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Over time, as I've taken on more and more work (as a theatrical AV designer), I've built up a large collection of stock clips from a wide variety of sources, which always come in handy for smaller designs.

So far, I've been keeping track of the clips by building a non-relational database that allows me to record the details of each clip - such as the title, source, licence, owner, description and so on. However, the collection has come to such a size now that adding more clips or searching through the library for something specific has become a bit of a chore. So, I'm wondering if anybody has any ideas regarding library management/archiving.

I'm reluctant to use file metadata due to the fact that the fields available vary with each codec and I'd like to keep track of some custom data (licence, etc.)

Is there any software available, maybe a video equivalent of Soundminer? Or do you have a recommended database schema that works for you?

Thanks in advance!

P.S. When using archive reels, do you prefer to save the whole reel or split into individual clips?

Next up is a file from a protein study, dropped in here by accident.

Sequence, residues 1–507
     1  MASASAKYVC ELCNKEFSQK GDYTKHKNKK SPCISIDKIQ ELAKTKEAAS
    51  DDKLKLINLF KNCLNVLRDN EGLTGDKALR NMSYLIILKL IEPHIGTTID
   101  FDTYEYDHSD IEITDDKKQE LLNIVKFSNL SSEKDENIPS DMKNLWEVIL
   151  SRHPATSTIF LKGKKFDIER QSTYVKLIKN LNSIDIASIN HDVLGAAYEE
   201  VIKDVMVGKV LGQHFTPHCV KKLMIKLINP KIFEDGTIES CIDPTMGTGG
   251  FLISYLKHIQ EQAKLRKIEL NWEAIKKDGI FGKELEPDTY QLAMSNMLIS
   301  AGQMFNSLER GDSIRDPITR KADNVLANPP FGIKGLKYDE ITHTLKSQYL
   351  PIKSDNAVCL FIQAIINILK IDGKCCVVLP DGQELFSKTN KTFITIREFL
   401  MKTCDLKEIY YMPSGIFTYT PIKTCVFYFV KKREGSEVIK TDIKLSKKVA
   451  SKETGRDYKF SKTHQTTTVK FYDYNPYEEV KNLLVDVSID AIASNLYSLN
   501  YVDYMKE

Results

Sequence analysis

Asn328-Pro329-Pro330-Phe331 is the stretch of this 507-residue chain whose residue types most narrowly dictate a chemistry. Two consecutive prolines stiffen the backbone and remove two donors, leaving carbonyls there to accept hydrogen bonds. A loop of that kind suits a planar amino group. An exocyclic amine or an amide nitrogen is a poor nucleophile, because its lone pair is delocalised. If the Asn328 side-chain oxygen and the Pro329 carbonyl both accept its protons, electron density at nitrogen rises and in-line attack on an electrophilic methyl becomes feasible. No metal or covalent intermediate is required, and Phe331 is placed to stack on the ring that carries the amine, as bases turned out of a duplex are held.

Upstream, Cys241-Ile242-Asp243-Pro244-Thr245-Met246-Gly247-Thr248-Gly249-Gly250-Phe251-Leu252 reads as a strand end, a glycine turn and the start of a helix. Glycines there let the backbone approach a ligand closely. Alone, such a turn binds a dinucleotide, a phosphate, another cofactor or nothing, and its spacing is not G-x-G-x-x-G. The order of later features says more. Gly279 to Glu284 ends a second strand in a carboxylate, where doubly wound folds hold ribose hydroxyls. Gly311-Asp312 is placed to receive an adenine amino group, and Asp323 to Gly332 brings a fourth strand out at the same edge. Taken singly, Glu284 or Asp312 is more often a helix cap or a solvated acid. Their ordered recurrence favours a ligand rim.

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Mac or PC? If you're on a mac, I'd suggest looking into openmeta. The metadata gets stored in the spotlight database, not with the files, so codec doesn't matter. Not sure what the windows equivalent is. –  Jason Conrad Jan 13 at 18:31
    
Just to be awkward, I tend to stick with Linux, and use Windows when I have to ;) –  Callum McLean Jan 13 at 19:14
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1 Answer

I'm not sure that it would be ideal, but Lightroom is able to provide keyword and cataloging support for a variety of video clip types. It isn't expressly designed for it, but it's a relatively cheap option that may be able to handle your needs.

As stib was nice enough to point out, Adobe Bridge also can do similar cataloging if you have the broader Adobe suite or you can try using Darktable which is an open source package similar to Lightroom, though I have no direct experience with Darktable's ability to catalog video.

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Adobe Bridge does a similar job, and is designed for video as well as other multimedia types. Also, if you don't want to shell out for Lightroom or you like FOSS, darktable is an open-source alternative: sourceforge.net/projects/darktable –  stib Jan 15 at 12:25
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